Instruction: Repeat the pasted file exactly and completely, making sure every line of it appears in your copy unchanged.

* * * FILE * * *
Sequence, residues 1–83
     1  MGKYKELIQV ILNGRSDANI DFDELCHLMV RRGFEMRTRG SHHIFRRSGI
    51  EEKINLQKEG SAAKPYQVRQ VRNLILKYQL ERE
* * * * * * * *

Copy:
Sequence, residues 1–83
     1  MGKYKELIQV ILNGRSDANI DFDELCHLMV RRGFEMRTRG SHHIFRRSGI
    51  EEKINLQKEG SAAKPYQVRQ VRNLILKYQL ERE